Teens Making College Decisions – Parent Help? Yes, Please

Teens Making College Decisions – Parent Help Yes, Please

Every parent wants his/her kids to become independent decision-makers. As they move into their teen years, it is definitely time for them to make choices and live with the consequences of those choices. They pick their friends, their activities, their high school elective courses, the clothes they wear, and a host of other things. We hope they will make wise choices, and often have to force ourselves to “let go” and bite our tongues when we believe a choice is wrong. It’s hard.

A major decision that is made between 11th and 12th grades is the choice of a college. This is far greater in scope than a decision about high school courses or activities. It is a decision about the next four years of this kid’s life, as well as one that has long-term consequences both in terms of career and finances. Parents play an important role – teens don’t have all of the necessary information to consider.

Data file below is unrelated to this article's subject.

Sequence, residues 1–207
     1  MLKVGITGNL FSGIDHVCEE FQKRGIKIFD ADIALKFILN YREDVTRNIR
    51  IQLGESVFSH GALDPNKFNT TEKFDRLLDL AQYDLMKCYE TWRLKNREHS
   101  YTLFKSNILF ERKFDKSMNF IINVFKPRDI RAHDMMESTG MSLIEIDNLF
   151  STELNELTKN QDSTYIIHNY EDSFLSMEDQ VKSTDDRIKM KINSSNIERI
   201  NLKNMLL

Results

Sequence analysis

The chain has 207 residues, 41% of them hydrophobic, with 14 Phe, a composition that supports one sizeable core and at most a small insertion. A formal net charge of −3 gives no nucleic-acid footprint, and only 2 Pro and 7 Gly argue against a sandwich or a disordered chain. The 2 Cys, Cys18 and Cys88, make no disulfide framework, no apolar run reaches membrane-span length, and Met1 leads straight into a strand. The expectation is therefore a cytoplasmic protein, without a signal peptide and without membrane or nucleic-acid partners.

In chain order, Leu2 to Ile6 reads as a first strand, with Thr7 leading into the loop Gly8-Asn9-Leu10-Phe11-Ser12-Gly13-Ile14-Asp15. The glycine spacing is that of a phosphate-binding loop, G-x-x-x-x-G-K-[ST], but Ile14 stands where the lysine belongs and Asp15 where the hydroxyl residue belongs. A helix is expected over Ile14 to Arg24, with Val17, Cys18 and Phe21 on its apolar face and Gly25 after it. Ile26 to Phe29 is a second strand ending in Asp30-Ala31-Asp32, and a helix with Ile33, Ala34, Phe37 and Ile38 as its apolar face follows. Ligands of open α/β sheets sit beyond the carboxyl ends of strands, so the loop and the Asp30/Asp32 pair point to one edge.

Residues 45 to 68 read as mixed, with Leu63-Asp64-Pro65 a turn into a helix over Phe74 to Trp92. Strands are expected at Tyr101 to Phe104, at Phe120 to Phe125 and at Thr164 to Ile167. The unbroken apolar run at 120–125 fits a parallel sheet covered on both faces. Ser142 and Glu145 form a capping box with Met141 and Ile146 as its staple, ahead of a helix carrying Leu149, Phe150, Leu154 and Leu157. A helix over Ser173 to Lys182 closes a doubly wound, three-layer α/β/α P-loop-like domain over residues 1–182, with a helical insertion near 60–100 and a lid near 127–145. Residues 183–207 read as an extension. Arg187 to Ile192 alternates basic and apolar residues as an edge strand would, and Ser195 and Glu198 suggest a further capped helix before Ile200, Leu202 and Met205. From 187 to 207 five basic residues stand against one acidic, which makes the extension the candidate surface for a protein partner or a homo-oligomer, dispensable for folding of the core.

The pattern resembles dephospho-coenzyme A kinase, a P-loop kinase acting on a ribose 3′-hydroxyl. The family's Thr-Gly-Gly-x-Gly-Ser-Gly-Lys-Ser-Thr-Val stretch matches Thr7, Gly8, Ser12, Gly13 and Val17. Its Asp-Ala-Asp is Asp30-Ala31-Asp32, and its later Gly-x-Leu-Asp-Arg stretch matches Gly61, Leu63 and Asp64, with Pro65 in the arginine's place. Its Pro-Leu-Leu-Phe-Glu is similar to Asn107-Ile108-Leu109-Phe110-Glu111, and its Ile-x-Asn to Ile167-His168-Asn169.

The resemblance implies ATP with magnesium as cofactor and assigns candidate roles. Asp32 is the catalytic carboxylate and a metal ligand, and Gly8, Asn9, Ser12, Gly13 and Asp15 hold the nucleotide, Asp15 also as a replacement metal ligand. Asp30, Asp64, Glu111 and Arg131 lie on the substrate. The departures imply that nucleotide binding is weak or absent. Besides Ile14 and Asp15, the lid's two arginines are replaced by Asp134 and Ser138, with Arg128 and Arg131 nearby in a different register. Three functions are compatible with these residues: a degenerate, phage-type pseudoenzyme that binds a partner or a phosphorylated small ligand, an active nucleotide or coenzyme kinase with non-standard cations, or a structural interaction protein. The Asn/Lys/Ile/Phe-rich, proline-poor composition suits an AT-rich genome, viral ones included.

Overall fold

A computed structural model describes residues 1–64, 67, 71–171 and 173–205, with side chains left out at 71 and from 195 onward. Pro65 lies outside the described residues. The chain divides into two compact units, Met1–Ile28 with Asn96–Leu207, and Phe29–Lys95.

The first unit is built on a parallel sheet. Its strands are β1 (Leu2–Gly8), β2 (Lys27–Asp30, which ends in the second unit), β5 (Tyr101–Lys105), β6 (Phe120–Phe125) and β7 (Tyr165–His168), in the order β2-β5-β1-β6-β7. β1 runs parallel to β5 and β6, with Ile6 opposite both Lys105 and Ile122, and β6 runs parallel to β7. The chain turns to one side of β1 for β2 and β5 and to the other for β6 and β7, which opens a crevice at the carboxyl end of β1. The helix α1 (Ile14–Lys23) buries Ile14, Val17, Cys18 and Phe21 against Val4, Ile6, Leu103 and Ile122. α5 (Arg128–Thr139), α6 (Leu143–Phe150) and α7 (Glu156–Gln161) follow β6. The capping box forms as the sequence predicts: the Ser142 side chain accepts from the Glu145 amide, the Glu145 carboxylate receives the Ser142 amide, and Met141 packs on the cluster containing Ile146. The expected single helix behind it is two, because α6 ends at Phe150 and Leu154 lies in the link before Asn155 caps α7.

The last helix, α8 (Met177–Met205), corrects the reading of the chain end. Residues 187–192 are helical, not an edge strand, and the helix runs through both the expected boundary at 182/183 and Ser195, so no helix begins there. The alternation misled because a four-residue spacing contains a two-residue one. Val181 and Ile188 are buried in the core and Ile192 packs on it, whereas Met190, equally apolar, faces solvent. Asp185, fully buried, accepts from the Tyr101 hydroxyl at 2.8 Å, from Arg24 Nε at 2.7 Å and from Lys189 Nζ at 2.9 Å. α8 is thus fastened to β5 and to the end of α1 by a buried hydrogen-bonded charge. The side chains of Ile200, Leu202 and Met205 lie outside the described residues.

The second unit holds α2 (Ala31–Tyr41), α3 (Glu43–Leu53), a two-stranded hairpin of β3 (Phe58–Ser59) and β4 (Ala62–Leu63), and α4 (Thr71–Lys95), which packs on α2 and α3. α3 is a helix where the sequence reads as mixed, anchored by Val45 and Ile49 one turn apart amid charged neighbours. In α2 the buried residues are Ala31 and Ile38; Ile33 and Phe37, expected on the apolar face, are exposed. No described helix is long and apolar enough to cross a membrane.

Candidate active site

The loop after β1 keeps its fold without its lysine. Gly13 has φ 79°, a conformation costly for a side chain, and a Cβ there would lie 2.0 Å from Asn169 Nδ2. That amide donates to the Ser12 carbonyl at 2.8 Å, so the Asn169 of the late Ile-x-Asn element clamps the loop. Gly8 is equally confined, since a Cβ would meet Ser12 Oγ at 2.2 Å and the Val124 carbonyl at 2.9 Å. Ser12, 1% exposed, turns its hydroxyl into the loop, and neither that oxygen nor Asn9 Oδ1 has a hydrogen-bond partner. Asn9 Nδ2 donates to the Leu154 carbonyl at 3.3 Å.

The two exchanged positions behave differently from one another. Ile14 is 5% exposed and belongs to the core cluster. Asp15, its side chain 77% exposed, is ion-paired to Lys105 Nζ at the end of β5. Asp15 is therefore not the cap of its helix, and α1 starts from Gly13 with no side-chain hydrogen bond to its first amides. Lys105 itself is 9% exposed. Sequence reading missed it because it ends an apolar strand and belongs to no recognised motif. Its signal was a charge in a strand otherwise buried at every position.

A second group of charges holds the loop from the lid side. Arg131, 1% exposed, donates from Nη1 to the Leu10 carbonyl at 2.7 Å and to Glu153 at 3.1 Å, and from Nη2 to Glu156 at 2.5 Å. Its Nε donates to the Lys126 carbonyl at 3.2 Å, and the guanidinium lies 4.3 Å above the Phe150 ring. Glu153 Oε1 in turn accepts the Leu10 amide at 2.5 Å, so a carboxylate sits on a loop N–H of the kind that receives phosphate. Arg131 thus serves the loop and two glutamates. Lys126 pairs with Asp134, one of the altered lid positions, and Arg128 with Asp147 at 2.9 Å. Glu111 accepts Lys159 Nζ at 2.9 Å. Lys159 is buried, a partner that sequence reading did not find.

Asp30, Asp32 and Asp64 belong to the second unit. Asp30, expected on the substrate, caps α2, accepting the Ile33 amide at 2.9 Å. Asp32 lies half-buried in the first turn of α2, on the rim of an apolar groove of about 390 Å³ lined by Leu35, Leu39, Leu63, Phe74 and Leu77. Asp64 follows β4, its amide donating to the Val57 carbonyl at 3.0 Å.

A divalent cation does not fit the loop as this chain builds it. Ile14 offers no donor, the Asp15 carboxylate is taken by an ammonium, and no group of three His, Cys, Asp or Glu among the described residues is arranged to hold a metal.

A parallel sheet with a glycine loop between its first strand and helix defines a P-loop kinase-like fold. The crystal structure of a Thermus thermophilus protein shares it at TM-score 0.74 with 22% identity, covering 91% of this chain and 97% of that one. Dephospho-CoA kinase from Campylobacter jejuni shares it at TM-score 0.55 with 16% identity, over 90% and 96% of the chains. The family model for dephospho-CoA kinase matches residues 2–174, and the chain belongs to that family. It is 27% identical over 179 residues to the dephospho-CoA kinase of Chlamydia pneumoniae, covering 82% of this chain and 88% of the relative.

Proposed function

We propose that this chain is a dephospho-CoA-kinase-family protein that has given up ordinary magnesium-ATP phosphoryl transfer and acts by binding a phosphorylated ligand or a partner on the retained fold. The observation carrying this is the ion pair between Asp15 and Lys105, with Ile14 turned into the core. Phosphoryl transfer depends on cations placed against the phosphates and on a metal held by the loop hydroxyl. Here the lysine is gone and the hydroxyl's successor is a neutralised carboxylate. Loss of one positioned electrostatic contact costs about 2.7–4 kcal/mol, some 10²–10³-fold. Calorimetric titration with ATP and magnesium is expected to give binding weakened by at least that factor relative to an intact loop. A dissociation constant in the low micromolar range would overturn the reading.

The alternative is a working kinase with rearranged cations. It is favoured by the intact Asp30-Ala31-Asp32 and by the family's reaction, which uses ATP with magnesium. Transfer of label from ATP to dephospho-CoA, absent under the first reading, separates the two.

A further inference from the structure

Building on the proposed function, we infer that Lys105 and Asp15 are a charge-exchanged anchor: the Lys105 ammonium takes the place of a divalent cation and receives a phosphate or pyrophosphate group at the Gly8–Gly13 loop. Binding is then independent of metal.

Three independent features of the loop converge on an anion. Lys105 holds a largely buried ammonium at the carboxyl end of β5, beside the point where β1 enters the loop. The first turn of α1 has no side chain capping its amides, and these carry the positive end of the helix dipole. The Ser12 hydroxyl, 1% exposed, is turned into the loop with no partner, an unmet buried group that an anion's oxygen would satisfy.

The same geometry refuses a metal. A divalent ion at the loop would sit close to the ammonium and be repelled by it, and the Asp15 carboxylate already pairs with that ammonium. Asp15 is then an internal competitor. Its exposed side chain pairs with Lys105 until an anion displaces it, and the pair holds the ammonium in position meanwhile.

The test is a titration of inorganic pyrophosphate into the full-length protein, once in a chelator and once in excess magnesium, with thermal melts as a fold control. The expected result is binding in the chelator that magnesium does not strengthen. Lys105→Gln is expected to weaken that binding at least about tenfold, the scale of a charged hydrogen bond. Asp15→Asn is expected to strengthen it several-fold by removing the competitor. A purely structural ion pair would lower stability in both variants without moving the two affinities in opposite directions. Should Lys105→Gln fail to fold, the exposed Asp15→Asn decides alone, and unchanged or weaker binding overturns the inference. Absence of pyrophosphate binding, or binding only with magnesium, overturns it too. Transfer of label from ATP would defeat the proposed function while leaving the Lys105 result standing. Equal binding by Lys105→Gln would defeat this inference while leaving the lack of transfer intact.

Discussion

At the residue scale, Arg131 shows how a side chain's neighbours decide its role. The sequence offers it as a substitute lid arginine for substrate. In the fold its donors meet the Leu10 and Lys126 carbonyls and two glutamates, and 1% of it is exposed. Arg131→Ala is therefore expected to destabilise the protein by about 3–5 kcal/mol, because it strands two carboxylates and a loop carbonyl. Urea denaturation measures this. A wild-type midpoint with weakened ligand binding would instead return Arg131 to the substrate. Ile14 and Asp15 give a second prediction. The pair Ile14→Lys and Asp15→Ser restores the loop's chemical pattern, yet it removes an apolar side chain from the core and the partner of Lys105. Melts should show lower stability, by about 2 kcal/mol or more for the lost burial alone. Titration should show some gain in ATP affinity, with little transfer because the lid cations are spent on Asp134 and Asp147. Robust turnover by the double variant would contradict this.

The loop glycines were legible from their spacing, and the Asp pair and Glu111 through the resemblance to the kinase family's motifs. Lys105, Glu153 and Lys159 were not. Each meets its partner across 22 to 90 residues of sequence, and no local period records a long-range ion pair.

Before the Applications Even Go Out

Your teen will be better placed to make a decision that will be good for them if you’re able to have solid conversations before he or she begin the application process. These conversations need to include:

  1. What are they considering for career choices? Of course, this may change, but schools to which they apply should at least have decent programs in those career areas.
  2. How far away from home do they want to go? There needs to be a discussion about leaving family and friends, of course, but also about the great opportunities there are for kids who “strike out on their own” and experience all that new environments have to teach them about growing up and life itself.